Thanks for the memories

d2a875_c92b3fb31b98452ca82cfe5ea51ee9a8.jpg_srz_794_794_75_22_0.50_1.20_0.00_jpg_srzHalf term is coming up so we decided to beat the queues by going this week (top tip – if you want to see Dippy the dinosaur at London’s Natural History Museum before she goes on tour don’t be put off by the queues at the front – nip round the corner to the Science Museum and slip in by the back door – no queues, no hassle and you’ll be eye to eye with Dippy before you can say Jurassic Park).

But we weren’t visiting the dinosaurs this weekend – Katy’s doing space and planets at school at the moment so she wanted to go to the space gallery to check out whether the moon was made of cheese and Apollo 11 was made of tin foil. I think we agreed they were. She couldn’t get her hands on any moon rocks but she did get to try on some astronaut’s gloves and see how tricky it is to change the tyre on a space ship a wearing oven gloves.

I preferred to hang around the home’s section – spotting the domestic appliances and bits of furniture that I can still remember – or in the case of the bone handled carving knife, Pyrex dishes and salad bowls – still have.

I began to wonder why we treasure some things – usually the things I drop by accident like well-used but favourite jugs and vases, and others, equally old, like cruets and table mats just seem to slip through generations used every day unharmed and unnoticed. When does today’s clutter become tomorrow’s antiques? In my never-ending quest for closable cupboards and clear surfaces I threw out another binbag of old clothes, battered handbags and never to be worn again scarves at the weekend but I still – as Katy pointed out accusingly – haven’t got rid of the bag of baby clothes stuffed away at the top of the airing cupboard. I’m not kidding myself that they will ever be worn again, but there’s something about them that stops me from getting rid. In previous generations they would have been handed down until they were threadbare or cut up and turned into a patchwork quilt – still something I imagine I will embark on when I have time – ie when I’m 95 and unable to hold a needle never mind thread one. But I’ve just discovered a modern equivalent that I find out about at the weekend, which when I’m feeling brave I might actually do. It’s an ingenious idea set up by a talented crafty mum of three called Hannah who creates keepsake bears out of treasured but no longer worn clothing – she makes beautiful co-ordinated teddies, cats, dogs and sundry other soft toys (giraffes are popular apparently) out of cherished baby clothes, which allows you to remember them guilt and clutter free. The beauty of them is that she can transform tricky things like baby grows and T shirts that don’t exactly lend themselves to being turned into patchwork quilts. She generally uses three or four items of clothing per bear – shabby chic enough to retain your memories but not raggy enough to look like something that could have been scavenged. The results are beautiful, tangible ways to keep your memories and which can be plonked on your child’s bed – whatever their current age. She charges a pretty reasonable £30-£40 a bear and aims to turn your rags into rabbits within four weeks, depending on how much of a rush she’s got on.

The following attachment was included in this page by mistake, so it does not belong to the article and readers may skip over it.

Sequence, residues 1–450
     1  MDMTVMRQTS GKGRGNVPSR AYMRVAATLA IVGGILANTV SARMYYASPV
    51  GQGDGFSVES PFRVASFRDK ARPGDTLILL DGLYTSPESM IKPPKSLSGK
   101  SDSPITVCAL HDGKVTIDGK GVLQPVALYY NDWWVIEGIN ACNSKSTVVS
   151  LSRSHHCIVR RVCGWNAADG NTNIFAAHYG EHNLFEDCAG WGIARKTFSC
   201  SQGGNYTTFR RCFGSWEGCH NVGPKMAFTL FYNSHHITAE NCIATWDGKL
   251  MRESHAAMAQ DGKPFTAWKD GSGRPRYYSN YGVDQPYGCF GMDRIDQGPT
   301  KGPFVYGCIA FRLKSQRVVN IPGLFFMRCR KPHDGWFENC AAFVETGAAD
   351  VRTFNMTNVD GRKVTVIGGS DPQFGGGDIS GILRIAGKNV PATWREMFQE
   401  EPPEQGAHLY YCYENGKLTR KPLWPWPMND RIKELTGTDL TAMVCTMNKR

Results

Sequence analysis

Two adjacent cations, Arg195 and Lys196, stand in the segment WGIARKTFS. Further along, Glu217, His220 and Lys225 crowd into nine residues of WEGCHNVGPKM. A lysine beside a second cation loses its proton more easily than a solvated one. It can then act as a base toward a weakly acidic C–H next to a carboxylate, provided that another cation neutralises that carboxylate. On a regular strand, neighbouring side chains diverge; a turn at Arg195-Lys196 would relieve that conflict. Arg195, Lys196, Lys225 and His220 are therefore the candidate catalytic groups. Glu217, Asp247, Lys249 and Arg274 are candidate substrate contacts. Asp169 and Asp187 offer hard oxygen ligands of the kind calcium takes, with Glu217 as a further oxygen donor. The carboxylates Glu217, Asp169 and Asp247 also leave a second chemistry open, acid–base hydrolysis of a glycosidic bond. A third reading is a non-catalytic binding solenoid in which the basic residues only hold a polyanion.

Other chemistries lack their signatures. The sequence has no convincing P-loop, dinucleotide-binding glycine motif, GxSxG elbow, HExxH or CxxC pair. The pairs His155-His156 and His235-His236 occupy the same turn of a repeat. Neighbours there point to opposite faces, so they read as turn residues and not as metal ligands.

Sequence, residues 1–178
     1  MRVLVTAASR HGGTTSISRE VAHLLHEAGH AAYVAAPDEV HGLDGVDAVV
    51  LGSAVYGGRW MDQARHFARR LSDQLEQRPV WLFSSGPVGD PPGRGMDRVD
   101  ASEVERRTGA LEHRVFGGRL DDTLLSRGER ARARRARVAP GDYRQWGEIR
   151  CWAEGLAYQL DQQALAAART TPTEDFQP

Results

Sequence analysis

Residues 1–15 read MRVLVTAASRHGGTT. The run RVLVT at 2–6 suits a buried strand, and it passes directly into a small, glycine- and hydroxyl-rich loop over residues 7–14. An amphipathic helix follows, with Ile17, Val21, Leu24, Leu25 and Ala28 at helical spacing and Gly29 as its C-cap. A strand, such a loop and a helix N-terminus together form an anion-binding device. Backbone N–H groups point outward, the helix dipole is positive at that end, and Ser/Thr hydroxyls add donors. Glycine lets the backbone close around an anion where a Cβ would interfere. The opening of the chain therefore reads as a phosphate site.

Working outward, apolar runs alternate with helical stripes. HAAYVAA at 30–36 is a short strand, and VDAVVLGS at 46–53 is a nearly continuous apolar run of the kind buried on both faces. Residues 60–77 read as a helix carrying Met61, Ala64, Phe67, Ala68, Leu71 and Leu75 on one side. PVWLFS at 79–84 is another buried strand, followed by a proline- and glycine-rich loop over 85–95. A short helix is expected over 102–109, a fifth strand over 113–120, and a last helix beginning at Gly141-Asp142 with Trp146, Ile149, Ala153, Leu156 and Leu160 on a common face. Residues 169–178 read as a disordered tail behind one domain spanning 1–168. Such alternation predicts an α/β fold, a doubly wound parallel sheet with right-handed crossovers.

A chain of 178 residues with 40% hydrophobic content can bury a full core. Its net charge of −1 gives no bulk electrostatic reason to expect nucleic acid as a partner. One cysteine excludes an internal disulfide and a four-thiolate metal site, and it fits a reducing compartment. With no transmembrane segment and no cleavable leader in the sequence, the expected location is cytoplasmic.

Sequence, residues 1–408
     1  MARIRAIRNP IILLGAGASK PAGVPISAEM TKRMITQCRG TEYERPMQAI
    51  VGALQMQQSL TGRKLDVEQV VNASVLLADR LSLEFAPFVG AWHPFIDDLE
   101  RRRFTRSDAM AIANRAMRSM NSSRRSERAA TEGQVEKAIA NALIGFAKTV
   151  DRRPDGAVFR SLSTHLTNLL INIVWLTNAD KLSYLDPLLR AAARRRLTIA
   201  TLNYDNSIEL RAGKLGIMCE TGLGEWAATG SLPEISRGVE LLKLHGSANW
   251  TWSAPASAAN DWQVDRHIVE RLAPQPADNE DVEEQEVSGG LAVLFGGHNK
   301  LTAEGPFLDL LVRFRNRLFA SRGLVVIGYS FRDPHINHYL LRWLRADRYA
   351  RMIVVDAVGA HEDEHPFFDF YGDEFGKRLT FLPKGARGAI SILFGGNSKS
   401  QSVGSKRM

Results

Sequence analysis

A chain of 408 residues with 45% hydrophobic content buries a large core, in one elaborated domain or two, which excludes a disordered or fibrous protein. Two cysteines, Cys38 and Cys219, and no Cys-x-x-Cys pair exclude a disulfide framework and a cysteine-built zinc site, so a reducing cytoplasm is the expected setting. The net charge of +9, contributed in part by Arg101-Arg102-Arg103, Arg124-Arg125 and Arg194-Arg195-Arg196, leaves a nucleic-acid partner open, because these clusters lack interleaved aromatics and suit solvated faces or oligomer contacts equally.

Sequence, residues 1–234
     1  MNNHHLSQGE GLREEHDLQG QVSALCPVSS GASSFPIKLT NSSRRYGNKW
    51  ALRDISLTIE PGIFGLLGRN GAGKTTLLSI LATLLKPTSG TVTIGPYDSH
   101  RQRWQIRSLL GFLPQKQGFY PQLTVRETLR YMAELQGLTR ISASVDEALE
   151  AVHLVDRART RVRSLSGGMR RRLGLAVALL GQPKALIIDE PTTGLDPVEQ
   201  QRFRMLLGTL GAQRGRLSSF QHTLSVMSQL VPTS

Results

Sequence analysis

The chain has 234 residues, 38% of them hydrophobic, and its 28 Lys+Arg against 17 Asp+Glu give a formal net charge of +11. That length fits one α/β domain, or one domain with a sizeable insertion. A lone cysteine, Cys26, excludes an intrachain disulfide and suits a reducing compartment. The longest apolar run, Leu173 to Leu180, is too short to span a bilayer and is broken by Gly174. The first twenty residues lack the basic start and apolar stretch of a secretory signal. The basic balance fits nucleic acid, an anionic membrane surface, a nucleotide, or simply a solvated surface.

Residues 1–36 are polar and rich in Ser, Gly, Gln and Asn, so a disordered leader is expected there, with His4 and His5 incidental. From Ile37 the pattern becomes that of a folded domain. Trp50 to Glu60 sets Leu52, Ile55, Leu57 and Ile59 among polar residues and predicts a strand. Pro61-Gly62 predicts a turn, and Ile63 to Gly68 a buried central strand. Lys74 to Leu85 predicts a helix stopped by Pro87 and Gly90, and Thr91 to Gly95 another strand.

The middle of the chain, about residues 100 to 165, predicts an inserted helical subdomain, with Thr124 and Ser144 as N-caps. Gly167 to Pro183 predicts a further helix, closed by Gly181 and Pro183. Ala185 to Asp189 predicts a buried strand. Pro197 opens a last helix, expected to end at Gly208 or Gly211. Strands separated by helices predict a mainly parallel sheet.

According to Stuffocation – James Wallman’s latest analysis of our clutter culture – it’s time we all took a long hard look at our possessions and started filtering and valuing them rather than simply hoarding them “just in case”. It’s something we are all guilty of – however valuable our hoard might be it all eventually turns to clutter: Carol Armstrong, widow of the first man on the moon, Neil Armstrong has just handed over a bag of moon souvenirs including sharp as a pin film footage of the landings, which he had stuffed away at the back of a cupboard 40 years ago and just goes to show – even astronauts eventually run out of space.

Posted by Amanda Blinkhorn

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